Churchill Group is putting the brakes on rises in its motor book having boosted its business volumes by a whopping 56% in the first half.

The rise was due to gross written premiums. The company now has 7.5 million policyholders

According to group managing director John O'Roarke, Churchill was running at an underlying combined ratio of 100%. This compared to a level a year ago of about 102% to 103%, he said.

Poor investment returns as a result of the stock market downturn hampered the overall results. And returns on the motor business, crucial to Churchill, was at a maximum. But O'Roarke said there was room to put prices up elsewhere.

"We won't be putting our rates up on motor. No matter what happens in investment markets I don't see insurers being able to get more margin.

"But commercial is a completely different story. The liability side in particular has been underpriced."

He predicted average rate increases of 20% over the next 12 months.

Continuing turmoil on the stock markets - and the pressure it puts on underwriting to make up for falling investment returns - would prevent a return to the bad old days of undercutting in personal lines, he said.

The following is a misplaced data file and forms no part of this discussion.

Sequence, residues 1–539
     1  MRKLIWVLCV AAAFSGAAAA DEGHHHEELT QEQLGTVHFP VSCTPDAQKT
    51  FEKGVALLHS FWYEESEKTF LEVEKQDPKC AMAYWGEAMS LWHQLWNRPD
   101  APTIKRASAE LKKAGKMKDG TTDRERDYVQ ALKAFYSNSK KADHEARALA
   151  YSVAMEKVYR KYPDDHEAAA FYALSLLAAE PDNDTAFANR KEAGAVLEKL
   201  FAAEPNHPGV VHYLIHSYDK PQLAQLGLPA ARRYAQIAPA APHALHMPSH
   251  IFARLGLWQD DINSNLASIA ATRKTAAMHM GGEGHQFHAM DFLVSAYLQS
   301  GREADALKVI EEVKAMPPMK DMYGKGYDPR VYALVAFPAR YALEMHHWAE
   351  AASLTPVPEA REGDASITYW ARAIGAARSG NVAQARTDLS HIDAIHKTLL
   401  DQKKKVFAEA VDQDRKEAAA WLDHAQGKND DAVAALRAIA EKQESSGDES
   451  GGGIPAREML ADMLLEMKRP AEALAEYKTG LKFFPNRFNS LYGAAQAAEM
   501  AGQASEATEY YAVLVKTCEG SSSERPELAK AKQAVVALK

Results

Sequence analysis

Churchill's owner, Winterthur , saw premium growth of 9% in the first half of the year and improved its technical result and combined ratio, but was let down by falling investment income.

Winterthur's parent group, Credit Suisse, has launched plans to strengthen the group's capital base.

Winterthur's investment income was down by SFr1.5bn (£0.65bn) against the first half of last year.

This was a result of selling shares from the general insurance operation's portfolio.

In the second quarter of 2002, Winterthur wrote SFr 4.12bn (£1.8bn) of gross premiums, down from SFr4.34bn (£1.9bn).